Just recently, someone asked me, “How are you holding up?” I didn’t have the words, so I sent this pic:
The question was followed by “Anything I can do to help?”
I literally did not know how to answer that question. I didn’t know what I needed. I didn’t know what would possibly help the way I was feeling. I didn’t know how to answer in a way they could understand. I was struggling with something that I have never struggled with before. To me, that question read:
“What shape is the color blue?”
There are so many times during my recovery that I don’t have a clue what I need. I don’t know how to identify what I’m feeling. I don’t know how to make the racing thoughts stop, or the tears from falling, or explain to everyone why I’m having a temper tantrum in the front of the grocery store over the inability of being able to find my keys that are sitting in the same side pocket that they always are…just..apparently invisible. I can’t explain what it’s like to sit inside my head on the days that I struggle to even like myself. I can’t explain what it’s like to feel as if I have to run away to another room, close the door, turn off all the lights, and rock myself as I’m sobbing hysterically. I can’t explain what it feels like to begin typing a text, or an email message, and have it sit there for minutes before I delete the message entirely in fear of what the recipient is going to think or say or do.
And that’s a struggle that many of us with mental health issues have in trying to open up to others, to talk to others in small group, and even to talk to our accountability partners. It’s hard to ask for help when we are speaking a language that the rest of society doesn’t understand. It’s hard to talk to others about what we need when we don’t even know what we need ourselves. That’s why it’s important for us to continue working to break the stigma of mental health. To keep talking about it. To share our struggles in small group and in our step studies. The more we talk the more people will be able to speak our language. The more people will open up about their own struggles and show us that people can and do recover effectively from mental health issues and are able to manage them. This is what the Mental Health Initiative is all about.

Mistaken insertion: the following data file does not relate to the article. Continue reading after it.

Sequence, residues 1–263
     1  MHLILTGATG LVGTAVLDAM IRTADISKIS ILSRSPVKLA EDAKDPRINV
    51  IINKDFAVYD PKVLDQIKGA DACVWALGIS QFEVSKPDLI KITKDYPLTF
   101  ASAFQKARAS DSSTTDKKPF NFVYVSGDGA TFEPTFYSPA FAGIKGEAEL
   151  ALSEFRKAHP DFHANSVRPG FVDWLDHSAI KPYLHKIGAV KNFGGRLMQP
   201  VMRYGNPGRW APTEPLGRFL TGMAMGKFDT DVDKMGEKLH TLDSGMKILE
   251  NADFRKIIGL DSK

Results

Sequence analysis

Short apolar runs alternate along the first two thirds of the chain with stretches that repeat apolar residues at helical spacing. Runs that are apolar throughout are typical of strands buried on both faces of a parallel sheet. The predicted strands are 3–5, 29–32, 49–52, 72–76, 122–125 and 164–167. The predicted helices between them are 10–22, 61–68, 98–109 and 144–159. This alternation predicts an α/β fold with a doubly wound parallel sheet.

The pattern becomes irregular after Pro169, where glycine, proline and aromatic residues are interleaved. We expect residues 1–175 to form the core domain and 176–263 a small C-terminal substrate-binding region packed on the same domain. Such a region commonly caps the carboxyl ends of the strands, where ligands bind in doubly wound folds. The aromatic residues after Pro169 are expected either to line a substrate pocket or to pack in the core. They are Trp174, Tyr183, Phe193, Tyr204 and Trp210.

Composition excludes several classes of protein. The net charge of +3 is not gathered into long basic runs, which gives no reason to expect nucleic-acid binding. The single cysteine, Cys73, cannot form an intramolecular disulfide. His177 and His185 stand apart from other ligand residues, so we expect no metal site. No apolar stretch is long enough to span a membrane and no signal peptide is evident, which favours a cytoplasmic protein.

There is a whole world of people who are hurting and struggling, and they are in need of someone to walk with them on their journey, just as I need others to walk with me on mine. That is the beauty of Celebrate Recovery.
Although I have absolutely no idea what I need in my recovery at times, God always does. And it is through Celebrate Recovery and the Mental Health Initiative that I will keep coming back to be guided by the 8 principles and the 12 steps. To be reminded that there is a God who knows exactly what I need and will give me only what I need. To have accountability partners and small group members and step study sisters to help remind me of that. I don’t always have to know. I hold onto the comfort of that subtle truth in those dark times that I can’t answer that question, “Anything I can do to help?”
Thank you for letting me share.